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Prime Minister Bhimsen Thapa (1775-1839) of Nepal, dated 1839. Nepal. Opaque watercolour with tooled gold on wasli. 32.7 x 24.8cm
The inscription reads transliteration and translation is shri janaral kamandar in cheef bheem sen thapa ka 63 varshko samwat 1896 saal maa khaichiya ko (shri General Commander-in-chief Bhimsen Thapa, aged 63 years, painted in samwat 1896 [1839 AD]). The title given him instead of prime minister refers to his position when declaring war on the British.
Thanks to the kindness of Tarun Pant for the above transliteration and translation.
This portrait produced in the year of his death seems most likely to be in commemoration of him, yet his time in office as first Prime Minister (1805-37) was beset with rivalry and bloodletting, particularly between him and the royal court. He was accused of torturing, blinding and assassinating those in his way. Eventually he was imprisoned where, it is said, when told his wife was to be dragged naked through the streets he attempted suicide by cutting his own throat, but took more than one week to die, after which his body was defiled. He was however feted by some, even abroad by the likes of Karl Marx and Ranjit Singh, for his stand - albeit futile - against the East India Company who subsequently took control of Nepal in 1816, and also for his progressive reforms whilst retaining his position in the years that followed. In 1839 Bhimsen Thapa was 64 years old - the portrait must have served patronage for nostalgia by showing him in his prime.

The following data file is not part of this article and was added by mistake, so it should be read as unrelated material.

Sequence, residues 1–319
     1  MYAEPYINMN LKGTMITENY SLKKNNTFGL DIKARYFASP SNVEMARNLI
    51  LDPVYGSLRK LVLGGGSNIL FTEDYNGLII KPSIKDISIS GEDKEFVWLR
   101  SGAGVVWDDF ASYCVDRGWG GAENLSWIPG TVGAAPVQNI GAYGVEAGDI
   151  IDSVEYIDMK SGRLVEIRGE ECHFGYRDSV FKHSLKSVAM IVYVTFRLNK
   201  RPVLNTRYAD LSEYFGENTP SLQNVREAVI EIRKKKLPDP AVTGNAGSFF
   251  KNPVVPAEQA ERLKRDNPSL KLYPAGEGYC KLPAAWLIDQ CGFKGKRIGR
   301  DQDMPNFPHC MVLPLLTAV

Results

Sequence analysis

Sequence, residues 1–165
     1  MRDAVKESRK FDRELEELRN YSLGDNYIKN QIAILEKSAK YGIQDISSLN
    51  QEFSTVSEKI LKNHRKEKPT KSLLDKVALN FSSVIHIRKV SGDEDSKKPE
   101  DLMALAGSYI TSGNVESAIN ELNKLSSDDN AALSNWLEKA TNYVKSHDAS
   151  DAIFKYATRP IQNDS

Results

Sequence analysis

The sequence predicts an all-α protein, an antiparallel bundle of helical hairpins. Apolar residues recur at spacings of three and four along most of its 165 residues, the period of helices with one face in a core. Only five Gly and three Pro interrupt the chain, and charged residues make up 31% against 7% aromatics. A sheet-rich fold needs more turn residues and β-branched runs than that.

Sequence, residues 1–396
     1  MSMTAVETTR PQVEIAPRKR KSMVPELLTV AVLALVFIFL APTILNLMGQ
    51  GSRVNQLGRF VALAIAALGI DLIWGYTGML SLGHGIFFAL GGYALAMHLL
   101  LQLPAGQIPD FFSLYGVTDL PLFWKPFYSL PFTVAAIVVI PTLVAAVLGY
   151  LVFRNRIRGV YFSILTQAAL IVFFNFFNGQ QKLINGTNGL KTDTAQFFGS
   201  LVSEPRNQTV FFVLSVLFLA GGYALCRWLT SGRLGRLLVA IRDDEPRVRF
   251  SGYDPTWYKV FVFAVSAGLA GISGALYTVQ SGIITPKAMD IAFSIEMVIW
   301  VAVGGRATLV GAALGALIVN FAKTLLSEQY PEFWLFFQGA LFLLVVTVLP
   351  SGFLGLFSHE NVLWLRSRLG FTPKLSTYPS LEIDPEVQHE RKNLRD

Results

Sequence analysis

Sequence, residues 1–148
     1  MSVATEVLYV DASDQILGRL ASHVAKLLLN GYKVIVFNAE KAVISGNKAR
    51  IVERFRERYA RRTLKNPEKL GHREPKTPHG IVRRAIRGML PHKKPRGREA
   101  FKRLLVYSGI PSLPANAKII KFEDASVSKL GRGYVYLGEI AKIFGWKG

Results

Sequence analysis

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Above: gilt detail reflecting light
Images and text © Peter Blohm